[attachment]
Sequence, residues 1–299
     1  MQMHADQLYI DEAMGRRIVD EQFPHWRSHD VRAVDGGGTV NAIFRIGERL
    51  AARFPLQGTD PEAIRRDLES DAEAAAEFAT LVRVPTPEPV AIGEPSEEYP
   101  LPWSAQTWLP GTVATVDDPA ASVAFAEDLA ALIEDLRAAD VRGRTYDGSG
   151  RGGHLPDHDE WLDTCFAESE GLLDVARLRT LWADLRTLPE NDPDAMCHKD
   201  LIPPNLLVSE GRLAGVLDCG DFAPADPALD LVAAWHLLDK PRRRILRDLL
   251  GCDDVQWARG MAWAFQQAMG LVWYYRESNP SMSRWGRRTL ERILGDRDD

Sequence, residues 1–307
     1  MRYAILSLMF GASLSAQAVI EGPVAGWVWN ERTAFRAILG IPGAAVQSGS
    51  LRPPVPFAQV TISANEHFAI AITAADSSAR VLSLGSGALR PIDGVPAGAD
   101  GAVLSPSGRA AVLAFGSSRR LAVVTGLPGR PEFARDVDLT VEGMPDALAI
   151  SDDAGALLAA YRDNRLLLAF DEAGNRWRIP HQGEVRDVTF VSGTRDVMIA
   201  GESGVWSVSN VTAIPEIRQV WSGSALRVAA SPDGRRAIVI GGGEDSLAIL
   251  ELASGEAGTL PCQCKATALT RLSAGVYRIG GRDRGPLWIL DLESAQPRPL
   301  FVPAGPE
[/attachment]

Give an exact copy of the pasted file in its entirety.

Sequence, residues 1–299
     1  MQMHADQLYI DEAMGRRIVD EQFPHWRSHD VRAVDGGGTV NAIFRIGERL
    51  AARFPLQGTD PEAIRRDLES DAEAAAEFAT LVRVPTPEPV AIGEPSEEYP
   101  LPWSAQTWLP GTVATVDDPA ASVAFAEDLA ALIEDLRAAD VRGRTYDGSG
   151  RGGHLPDHDE WLDTCFAESE GLLDVARLRT LWADLRTLPE NDPDAMCHKD
   201  LIPPNLLVSE GRLAGVLDCG DFAPADPALD LVAAWHLLDK PRRRILRDLL
   251  GCDDVQWARG MAWAFQQAMG LVWYYRESNP SMSRWGRRTL ERILGDRDD

Sequence, residues 1–307
     1  MRYAILSLMF GASLSAQAVI EGPVAGWVWN ERTAFRAILG IPGAAVQSGS
    51  LRPPVPFAQV TISANEHFAI AITAADSSAR VLSLGSGALR PIDGVPAGAD
   101  GAVLSPSGRA AVLAFGSSRR LAVVTGLPGR PEFARDVDLT VEGMPDALAI
   151  SDDAGALLAA YRDNRLLLAF DEAGNRWRIP HQGEVRDVTF VSGTRDVMIA
   201  GESGVWSVSN VTAIPEIRQV WSGSALRVAA SPDGRRAIVI GGGEDSLAIL
   251  ELASGEAGTL PCQCKATALT RLSAGVYRIG GRDRGPLWIL DLESAQPRPL
   301  FVPAGPE